This is continuing to work towards Objective 4: To prototype a range of design work targeted at 18-24 year old women, highlighting impacts of cross-cultural beauty/fashion trends on self-perceptions and body image.
Below shows development of my sourcebook of beauty trends, showing particular development of spreads and title pages for ‘east’ and ‘west’ categories.
Above shows the ‘east’ title page which will be placed in the middle of the book where east and west trends meet. The arrow has been placed in order to show the reader in which direction the trends are in the book, whilst also depicting where Japan is on a globe/map, therefore eastern trends will be on the right hand side of the book.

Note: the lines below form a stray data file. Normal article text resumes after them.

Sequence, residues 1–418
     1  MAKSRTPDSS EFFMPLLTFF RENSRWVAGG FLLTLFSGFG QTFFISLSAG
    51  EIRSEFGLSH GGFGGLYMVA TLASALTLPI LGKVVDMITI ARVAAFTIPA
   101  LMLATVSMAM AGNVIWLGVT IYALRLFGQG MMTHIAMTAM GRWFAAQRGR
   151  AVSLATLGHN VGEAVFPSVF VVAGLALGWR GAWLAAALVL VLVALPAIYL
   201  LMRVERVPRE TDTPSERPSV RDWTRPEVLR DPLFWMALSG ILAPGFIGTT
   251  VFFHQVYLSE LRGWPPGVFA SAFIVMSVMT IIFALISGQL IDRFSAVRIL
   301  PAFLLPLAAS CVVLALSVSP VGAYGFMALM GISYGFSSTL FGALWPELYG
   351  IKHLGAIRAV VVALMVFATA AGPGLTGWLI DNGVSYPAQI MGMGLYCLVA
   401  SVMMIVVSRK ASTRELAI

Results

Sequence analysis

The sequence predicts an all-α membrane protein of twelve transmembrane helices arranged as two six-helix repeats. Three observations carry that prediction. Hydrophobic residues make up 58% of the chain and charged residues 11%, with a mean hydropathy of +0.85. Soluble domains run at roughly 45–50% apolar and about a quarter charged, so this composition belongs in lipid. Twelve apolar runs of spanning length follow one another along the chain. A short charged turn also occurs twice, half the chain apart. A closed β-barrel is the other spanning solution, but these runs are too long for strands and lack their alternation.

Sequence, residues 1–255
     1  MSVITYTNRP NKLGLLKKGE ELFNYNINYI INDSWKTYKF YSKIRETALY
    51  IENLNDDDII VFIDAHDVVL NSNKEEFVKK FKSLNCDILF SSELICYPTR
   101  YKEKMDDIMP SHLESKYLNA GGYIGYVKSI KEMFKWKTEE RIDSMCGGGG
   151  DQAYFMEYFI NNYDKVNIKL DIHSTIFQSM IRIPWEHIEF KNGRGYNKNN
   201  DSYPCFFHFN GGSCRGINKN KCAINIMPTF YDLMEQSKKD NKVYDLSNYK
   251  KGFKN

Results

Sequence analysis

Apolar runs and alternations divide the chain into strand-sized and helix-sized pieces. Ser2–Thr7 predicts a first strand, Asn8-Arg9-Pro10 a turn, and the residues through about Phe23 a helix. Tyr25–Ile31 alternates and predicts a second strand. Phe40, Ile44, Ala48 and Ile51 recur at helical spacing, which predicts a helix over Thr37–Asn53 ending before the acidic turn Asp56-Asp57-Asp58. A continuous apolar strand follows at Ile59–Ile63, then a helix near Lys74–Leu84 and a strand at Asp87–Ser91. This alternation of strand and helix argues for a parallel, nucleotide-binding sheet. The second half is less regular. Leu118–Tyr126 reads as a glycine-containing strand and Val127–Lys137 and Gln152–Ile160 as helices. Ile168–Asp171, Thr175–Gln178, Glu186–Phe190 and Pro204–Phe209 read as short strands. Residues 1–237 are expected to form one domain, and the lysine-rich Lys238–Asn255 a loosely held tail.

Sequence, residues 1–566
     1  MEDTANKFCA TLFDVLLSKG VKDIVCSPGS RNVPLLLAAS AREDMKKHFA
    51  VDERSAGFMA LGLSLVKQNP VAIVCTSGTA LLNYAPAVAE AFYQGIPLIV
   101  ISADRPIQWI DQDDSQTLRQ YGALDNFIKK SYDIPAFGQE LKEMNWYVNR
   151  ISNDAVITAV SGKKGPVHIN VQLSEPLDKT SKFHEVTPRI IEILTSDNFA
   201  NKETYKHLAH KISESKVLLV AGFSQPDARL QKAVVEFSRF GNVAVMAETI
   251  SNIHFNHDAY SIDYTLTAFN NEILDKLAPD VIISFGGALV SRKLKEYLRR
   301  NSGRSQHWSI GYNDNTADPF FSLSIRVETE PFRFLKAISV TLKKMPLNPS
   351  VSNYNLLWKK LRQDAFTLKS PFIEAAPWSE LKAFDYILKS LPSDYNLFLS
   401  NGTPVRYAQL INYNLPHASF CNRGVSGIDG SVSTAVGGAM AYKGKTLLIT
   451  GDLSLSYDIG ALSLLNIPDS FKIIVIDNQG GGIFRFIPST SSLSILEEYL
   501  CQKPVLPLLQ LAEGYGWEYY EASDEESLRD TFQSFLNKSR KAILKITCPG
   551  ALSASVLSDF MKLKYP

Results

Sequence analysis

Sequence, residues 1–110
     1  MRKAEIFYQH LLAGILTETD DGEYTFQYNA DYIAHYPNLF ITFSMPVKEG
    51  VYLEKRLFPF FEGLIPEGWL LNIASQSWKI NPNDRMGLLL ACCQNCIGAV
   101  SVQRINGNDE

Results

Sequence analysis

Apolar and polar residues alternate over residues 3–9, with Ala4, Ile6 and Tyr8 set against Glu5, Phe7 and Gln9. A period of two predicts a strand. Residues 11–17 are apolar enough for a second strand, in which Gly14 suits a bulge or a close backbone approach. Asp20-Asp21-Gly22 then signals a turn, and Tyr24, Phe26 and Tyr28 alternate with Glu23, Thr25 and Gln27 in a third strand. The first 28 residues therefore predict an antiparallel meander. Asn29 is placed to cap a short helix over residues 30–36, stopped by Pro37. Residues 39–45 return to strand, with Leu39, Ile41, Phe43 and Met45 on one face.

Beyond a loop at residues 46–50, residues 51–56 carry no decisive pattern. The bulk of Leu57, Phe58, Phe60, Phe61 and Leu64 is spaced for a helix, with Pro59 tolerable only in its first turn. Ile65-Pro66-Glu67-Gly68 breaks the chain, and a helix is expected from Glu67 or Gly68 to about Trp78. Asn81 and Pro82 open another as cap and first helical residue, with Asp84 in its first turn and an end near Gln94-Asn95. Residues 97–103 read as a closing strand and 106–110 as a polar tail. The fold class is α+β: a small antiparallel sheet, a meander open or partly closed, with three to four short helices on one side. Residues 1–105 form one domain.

This also means that when opened from the back and read like a Japanese magazine, this will be the first section to be viewed, or when opened from the left, or like a British magazine it will be the second section to be viewed. This idea was derived from looking at both Western and Eastern magazines and how these are designed, published and printed with the native audience in mind. This is shown above. The same idea has been applied to the West title page with fonts and aesthetic details being taken from key spreads to create a visual link and association to the reader.